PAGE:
# Kangaroo 1 - Wood and Twine Physics Simulation - Physics Objects

1 Iteration 4 Send.gh (37.5 KB)

I have produced the following model as a physics simulation of a real physical model (image attached), and I am trying to make it more accurate. The real model consists of a length of twine fixed at two points. 5 lengths of twine attach 5 pieces of wood to this, and their placement affects the form of the whole, as everything is connected.

The below file has the 6 pieces of twine acting as catenaries - they are divided, are strings, and I have placed unitary forces acting down upon the division points of each. If you enable the simulation the 6 pieces of twine hang, as in real life.

In this model the 5 pieces of twine attached to the 5 ‘wood geometries’ act as lines dependent on this relationship, ie if you move the ‘wood’ (these are internalised from 3d shapes from Rhino), the length of the string will change accordingly.

With the real world model, if you move the wood the twine becomes more or less taut, as everything is connected, the wood has mass, and the pieces of twine have fixed lengths. I am interested in developing the model to replicate this. Does anyone have any ideas on how to achieve this?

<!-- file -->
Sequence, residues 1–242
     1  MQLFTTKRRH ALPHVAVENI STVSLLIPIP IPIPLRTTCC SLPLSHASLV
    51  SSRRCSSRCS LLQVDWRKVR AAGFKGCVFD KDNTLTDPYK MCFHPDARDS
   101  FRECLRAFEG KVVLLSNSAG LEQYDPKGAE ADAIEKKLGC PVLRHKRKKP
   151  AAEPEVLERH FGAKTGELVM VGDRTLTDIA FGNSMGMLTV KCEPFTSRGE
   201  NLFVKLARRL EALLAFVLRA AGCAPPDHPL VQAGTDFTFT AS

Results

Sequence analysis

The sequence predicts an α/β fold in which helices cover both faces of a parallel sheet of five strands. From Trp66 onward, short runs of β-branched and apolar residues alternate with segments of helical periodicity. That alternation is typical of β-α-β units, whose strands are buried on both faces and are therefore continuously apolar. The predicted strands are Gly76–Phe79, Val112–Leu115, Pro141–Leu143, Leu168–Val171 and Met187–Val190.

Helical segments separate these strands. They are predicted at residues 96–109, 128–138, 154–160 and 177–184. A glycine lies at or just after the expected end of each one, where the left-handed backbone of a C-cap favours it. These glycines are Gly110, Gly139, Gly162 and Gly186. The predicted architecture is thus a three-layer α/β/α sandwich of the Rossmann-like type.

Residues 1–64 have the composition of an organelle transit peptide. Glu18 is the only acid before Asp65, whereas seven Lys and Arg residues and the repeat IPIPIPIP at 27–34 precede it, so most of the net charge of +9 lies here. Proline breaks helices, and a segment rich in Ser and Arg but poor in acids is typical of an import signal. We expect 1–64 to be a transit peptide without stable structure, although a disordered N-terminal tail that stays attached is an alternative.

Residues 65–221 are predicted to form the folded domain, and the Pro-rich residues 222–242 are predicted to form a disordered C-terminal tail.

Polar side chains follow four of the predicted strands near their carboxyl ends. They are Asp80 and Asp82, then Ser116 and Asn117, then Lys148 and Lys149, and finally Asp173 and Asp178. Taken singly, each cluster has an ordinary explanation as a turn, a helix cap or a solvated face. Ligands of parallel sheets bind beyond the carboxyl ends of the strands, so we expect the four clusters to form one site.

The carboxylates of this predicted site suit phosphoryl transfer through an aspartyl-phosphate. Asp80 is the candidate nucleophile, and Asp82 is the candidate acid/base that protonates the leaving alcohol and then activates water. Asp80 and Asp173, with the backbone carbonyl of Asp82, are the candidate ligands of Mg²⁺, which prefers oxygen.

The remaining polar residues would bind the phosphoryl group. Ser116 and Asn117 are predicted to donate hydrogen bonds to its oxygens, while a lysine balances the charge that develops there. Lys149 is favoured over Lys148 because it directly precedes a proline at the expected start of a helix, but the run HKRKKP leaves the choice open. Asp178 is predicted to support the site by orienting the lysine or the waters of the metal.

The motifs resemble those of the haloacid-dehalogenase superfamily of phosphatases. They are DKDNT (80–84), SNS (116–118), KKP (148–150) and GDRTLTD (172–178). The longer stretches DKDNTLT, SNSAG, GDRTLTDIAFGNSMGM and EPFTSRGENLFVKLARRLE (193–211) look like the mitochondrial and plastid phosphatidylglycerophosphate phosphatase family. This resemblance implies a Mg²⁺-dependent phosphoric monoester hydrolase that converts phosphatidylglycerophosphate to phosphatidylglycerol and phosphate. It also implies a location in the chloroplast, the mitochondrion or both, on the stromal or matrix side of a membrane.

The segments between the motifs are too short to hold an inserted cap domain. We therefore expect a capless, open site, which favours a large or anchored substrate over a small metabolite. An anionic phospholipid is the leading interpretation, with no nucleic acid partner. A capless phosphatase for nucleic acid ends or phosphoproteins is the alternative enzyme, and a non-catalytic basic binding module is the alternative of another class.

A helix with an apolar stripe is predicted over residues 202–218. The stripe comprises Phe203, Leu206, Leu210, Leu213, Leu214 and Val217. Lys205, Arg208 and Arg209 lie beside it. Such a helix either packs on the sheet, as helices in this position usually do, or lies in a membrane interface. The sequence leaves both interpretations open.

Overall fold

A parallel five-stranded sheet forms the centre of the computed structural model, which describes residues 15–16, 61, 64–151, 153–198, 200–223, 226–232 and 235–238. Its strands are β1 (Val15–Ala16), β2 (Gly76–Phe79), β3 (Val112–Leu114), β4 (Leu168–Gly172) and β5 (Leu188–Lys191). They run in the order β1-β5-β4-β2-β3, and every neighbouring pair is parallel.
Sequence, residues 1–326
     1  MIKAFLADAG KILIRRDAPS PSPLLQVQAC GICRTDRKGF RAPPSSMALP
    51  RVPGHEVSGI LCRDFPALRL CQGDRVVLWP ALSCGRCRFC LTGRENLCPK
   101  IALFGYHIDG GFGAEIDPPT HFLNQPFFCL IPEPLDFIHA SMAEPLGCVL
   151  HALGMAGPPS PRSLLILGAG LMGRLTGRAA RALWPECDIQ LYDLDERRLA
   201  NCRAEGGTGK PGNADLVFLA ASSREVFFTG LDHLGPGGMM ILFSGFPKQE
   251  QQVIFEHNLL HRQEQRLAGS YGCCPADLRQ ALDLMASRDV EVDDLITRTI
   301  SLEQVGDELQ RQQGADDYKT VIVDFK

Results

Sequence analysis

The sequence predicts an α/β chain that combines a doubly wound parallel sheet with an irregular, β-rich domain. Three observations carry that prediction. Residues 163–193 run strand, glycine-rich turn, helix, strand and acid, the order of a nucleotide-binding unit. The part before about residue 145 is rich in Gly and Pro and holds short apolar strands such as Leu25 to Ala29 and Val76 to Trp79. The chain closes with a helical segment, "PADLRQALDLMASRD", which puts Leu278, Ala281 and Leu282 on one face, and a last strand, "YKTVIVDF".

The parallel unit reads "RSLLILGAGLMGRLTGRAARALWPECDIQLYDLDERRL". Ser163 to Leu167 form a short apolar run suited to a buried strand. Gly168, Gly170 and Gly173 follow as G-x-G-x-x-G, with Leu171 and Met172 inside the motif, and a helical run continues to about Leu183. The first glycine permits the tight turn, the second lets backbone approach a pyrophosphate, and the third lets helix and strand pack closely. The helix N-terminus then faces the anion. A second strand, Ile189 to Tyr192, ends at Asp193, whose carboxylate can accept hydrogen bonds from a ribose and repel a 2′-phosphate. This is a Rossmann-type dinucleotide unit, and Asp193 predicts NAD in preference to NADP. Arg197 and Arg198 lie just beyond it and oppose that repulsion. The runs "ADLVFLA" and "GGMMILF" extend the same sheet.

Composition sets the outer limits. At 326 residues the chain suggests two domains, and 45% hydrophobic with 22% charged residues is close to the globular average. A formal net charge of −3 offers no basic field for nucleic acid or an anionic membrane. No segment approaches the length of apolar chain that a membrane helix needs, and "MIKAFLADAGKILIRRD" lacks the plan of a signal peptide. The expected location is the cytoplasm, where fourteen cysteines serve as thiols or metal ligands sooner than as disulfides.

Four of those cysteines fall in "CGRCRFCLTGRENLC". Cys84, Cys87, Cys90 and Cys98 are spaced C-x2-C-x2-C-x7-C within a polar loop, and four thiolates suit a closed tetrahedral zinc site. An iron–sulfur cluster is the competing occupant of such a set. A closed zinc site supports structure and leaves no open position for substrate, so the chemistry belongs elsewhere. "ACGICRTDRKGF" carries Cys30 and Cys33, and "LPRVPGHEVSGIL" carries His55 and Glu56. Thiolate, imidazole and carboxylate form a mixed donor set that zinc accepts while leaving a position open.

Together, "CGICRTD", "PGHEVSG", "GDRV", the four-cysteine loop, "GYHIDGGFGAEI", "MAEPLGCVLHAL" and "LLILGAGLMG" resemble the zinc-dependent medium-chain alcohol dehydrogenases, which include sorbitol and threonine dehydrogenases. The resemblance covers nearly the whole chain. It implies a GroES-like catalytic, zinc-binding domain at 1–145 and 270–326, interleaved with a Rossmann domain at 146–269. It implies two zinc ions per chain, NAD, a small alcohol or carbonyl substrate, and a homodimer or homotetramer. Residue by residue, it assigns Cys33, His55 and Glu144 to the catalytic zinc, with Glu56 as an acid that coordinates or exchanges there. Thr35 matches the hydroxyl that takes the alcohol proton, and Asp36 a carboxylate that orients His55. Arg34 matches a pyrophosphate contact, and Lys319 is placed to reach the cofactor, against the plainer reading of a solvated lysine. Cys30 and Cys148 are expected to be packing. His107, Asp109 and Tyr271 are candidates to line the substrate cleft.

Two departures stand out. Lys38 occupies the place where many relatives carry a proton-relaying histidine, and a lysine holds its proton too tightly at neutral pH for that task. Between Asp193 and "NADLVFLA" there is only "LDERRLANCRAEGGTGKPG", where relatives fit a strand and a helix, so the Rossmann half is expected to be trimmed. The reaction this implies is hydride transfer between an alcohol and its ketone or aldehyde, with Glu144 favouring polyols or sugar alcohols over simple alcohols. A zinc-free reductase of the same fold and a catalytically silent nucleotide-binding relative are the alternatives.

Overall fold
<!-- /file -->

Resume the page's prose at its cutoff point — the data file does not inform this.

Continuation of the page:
I am thinking I would need to re-define the 5 pieces of wood first in grasshopper, and then include them as physics objects in the model, and geometries. I am wondering if it is possible to fix or lock the length of the twine, but enable its direction to change if the ‘wood geometries’ are moved? Thank you.

I don’t think you need to actually include the geometry of the wood objects in the simulation, and can just consider the points where the string attaches to them as moving on fixed horizontal planes.
I can see a couple of distinct uses for Kangaroo here:

1. If what you want to do is use the computer to form-find positions for the objects and lengths for the strings for which they will be taut, you can position the wood points on the floor however you like, set them and the two fixed ends at the top as anchors, and set target length for the strings to zero. If you use the lengths from this result for your twine, it will be taut. (I think we can assume here that the weight of the string is negligible compared to the wood, and that it is not stretching a significant amount). For this version we do not need to subdivide the string into shorter segments, and can treat each part between the knots and anchors as a single straight line.
2. If instead you want to set as input the lengths of the string and positions of the objects on the floor, and simulate how the string behaves when you move them around in the real world, then you would divide each segment into multiple shorter lines, and apply a small vertical load to the points. Then when you move around the points on the floor, you can see when parts of the string become slack and hang in a curve. Again, I think it makes sense here to consider the twine as inextensible, so would set the strength of the lines very high relative to the load.